NAWCJ

2021 Earl T. Zehmer Moot Court Competition



By Wesley G. Marshall

NWCJ Moot Court Committee Chair

 

The 2021 Earl T. Zehmer Moot Court Competition preliminary rounds are complete. The program was a smashing success. The COVID-19 pandemic has continued to present significant challenges for many educational programs. But the Moot Court organizers, with widespread support from the NAWCJ, managed a complex and effective program. The competition was hosted in a virtual format. Judges received advance training on accessing the online platform, dealing with the competitors, and completing online scoresheets. One benefit of the new format was that all of us judges who are notably horrible at math were not required to tally the individual columns of scores for some participants.

The competition included 20 teams from 12 law schools in 8 different states. NAWCJ had 42 volunteer judges from 8 states who participated. The first-place Brief award went to the University of Miami and the second-place Brief award ended in a tie, with honors to the Mississippi College School of Law and Baylor School of Law. The Best Individual Oral Advocate award went to Michelle Sola from the Florida International University College of Law.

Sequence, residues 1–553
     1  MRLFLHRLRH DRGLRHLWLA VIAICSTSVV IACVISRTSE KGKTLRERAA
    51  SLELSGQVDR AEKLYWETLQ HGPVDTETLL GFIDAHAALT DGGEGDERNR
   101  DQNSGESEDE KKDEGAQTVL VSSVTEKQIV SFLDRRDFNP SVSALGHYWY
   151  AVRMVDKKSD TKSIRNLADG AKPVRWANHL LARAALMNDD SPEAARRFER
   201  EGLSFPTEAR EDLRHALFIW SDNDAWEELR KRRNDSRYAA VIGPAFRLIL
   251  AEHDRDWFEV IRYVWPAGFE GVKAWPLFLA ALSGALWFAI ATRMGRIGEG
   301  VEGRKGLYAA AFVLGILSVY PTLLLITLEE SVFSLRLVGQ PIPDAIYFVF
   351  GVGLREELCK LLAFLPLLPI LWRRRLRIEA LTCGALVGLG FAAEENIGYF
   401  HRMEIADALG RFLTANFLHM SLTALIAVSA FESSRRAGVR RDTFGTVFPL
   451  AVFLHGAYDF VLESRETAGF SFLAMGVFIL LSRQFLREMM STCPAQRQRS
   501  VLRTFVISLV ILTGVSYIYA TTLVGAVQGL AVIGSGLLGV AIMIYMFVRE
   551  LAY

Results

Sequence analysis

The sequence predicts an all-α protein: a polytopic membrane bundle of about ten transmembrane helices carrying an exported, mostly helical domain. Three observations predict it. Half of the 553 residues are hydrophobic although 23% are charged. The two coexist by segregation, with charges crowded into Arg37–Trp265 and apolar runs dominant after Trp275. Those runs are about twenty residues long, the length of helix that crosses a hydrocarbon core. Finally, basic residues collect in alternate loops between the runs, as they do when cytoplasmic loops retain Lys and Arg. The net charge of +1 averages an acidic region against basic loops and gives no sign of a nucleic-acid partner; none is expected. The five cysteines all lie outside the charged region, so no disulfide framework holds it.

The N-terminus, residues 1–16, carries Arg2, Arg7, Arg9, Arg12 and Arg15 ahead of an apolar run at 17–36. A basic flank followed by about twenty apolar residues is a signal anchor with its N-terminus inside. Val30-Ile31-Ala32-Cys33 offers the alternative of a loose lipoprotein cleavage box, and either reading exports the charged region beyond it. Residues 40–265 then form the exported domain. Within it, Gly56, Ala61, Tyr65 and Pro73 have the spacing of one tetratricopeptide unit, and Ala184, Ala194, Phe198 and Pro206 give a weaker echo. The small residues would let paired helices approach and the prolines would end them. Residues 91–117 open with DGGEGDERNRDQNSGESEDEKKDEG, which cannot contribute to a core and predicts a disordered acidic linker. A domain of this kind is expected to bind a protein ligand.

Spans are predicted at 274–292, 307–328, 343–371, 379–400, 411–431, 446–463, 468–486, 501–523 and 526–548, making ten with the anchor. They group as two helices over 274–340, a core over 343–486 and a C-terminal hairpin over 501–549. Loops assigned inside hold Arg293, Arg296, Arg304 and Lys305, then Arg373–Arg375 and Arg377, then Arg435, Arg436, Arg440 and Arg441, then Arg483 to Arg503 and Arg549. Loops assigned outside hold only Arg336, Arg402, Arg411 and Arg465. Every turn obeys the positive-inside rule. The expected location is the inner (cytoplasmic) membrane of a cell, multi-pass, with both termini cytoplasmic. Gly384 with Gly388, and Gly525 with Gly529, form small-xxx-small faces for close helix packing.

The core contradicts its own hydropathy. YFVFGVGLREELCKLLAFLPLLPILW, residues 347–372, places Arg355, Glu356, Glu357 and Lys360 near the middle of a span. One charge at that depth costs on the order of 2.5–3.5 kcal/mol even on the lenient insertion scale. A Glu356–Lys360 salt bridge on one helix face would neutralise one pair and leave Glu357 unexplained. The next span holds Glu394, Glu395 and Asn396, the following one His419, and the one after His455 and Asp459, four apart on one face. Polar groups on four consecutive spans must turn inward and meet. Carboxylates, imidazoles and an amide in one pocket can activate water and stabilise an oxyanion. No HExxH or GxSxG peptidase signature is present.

The case problem, Bankson County Sheriff’s Office v. John Doe, Decedent, once again was artfully drafted by Florida attorney Richard Sicking. It concerned a fictional first responder’s death from COVID-19. For compensability, was the correct legal standard a “preponderance of the evidence,” under Section 112.1815, Fl. Stat., which grants preferential treatment to first responders who contract a disease from exposure to a “toxic substance?” If not, then the decedent’s beneficiaries had to prove the COVID-19 exposure from work by a “clear and convincing,” standard under Section 440.15(1)(a) Fl. Stat., a general occupational disease statute. The problem also included an issue of whether a medical examiner’s statement was competent medical evidence where he was not appointed by a judge of compensation claims, an independent medical examiner, or an authorized treating provider. This set up a conflict between the workers’ compensation medical evidence statute, Section 440.13(5)(e), and Section 406.11(1) and (2) which provides medical examiners may determine cause of death. Attorney Sicking’s problem was full of twists and turns for the student competitor and judges to debate.

The preliminary rounds could not have been a success without the support of you – our NAWCJ members. By all accounts, the virtual format allowed the students to hone their narratives very well, while still permitting judges to challenge them on their interpretations of the record and the law.

The two finalists in the competition will argue their cases to a panel of the Florida 1st District Court of Appeals on January 7, 2022 at 10:00 AM. The event will be live streamed for any of us geeky appellate judges who relish such stuff. Please go to the Florida 1st DCA website, click on oral arguments, and then select live stream video to access the arguments. The schools participating in the final competition will not be announced until after the oral arguments in the interest of fairness.

Many thanks to all the judges who participated in the Zehmer competition!